Thu 31 May 2012
Wooden water towers are a common feature visible atop many mid-rise buildings here in New York City. I had the good fortune to observe a new tank being constructed atop a neighboring building right outside my window last week. The industrious team seen in the photograph below managed to put this thing together faster than I had thought was possible.
Here are some interesting facts about these wooden wonders:
- In Manhattan, most buildings with more than six stories need some type of water tower and pumping system to ensure sufficient water pressure.
- Water is delivered up to the tanks by electric pumps, and is then distributed throughout the building by the force of gravity.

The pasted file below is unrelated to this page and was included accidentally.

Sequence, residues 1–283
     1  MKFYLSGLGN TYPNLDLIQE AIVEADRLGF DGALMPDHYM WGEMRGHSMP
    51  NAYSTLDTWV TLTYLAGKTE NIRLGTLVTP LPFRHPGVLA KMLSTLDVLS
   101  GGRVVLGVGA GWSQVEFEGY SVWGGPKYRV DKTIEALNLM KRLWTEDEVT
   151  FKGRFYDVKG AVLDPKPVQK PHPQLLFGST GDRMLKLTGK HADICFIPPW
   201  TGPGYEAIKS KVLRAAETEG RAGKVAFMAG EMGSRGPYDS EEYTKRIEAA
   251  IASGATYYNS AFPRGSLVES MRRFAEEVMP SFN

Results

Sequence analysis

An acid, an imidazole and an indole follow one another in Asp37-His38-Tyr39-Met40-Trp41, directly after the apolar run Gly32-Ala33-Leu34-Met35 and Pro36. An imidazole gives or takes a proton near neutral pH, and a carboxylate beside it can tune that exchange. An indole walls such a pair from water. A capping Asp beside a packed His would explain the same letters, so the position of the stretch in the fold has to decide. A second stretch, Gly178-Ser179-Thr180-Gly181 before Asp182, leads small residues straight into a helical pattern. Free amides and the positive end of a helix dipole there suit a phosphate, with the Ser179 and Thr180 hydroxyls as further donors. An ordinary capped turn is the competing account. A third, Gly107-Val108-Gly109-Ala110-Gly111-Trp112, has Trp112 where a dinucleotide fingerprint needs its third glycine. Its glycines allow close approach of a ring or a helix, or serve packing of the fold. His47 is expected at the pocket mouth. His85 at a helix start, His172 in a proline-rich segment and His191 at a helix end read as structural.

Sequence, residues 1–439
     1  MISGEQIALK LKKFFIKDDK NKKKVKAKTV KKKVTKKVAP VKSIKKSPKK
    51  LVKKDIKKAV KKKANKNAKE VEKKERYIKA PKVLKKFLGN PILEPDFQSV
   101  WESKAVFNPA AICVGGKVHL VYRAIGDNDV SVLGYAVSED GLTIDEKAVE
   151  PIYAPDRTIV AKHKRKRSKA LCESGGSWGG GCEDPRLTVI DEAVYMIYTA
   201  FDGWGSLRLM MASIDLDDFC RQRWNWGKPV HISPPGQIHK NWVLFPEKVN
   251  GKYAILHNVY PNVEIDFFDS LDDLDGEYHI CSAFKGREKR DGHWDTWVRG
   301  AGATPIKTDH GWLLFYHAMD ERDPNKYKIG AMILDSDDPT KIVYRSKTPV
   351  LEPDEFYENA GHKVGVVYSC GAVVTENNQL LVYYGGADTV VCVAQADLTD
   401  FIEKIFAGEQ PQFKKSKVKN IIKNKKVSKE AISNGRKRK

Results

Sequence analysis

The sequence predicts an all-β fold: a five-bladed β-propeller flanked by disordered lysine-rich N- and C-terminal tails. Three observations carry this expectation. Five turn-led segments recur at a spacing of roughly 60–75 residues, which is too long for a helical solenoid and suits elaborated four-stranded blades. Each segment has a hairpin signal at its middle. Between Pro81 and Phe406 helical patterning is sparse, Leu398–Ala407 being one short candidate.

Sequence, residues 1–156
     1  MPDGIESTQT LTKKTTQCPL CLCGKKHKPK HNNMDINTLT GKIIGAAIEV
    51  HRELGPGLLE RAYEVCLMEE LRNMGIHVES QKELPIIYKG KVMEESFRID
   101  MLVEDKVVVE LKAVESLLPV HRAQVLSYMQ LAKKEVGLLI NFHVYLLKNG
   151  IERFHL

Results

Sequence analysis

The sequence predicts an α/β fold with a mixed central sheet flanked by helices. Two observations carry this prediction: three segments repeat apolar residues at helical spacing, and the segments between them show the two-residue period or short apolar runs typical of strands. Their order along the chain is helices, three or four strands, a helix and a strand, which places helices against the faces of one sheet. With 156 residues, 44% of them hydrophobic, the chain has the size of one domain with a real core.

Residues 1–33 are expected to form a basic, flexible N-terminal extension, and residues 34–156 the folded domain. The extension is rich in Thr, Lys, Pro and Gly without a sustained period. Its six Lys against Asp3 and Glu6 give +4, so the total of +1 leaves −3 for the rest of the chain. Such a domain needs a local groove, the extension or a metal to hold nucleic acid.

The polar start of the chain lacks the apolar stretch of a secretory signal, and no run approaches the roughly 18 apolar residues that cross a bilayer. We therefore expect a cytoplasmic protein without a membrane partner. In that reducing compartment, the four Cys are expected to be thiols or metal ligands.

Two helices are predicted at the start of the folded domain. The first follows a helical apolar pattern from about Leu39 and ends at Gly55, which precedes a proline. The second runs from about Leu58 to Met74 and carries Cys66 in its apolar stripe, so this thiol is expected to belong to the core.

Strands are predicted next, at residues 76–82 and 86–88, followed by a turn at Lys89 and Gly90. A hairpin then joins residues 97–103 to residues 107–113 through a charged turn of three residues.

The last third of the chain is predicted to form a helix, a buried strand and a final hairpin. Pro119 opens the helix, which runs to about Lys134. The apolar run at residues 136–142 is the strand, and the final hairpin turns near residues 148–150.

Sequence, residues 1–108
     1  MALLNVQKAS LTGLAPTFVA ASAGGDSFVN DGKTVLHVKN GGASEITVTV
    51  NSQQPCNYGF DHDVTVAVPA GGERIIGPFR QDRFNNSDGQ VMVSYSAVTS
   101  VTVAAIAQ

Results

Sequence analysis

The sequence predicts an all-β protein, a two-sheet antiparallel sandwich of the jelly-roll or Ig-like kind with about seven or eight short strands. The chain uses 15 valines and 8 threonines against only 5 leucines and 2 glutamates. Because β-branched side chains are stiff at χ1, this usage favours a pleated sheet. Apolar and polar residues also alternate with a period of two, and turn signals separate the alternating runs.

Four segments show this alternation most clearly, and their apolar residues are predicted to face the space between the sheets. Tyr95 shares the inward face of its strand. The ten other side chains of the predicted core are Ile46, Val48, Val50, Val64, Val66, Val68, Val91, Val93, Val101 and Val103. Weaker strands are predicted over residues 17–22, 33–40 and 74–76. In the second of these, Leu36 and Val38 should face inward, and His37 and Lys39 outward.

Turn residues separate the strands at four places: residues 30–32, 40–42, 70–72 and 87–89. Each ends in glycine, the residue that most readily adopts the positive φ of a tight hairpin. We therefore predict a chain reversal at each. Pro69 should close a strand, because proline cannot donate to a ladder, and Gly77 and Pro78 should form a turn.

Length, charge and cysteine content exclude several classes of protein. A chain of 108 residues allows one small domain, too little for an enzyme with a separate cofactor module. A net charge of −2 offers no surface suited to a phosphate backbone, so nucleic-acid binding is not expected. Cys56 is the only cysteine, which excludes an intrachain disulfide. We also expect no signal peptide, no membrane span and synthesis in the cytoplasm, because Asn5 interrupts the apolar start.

- There are only two companies that build wooden water towers in the city: Rosenwach Tank Company and Isseks Brothers. Each has been in business for over a century.
- Towers built by Rosenwach can be identified by the four “R”-shaped pieces of wood around the uppermost portion of the tower’s central post. (As can seen in my photograph.)
- The average wood tank holds 10,000 gallons of water.
- Wood tanks have several advantages over steel tanks: They are cheaper (average cost of $30,000, compared to as much as $120,000 for steel), can be built more quickly, require less maintenance, and provide better insulation.
- A crew of six men can remove an old tank and replace it with a new one in 24 hours.
- Wood tanks have no lining or sealant keeping the water in. Newly built tanks will actually leak when first filled with water (indeed I saw this occurring with the new tower shown in the photograph), but before long, the water in the tank causes the wood planks to expand, closing up any gaps between them.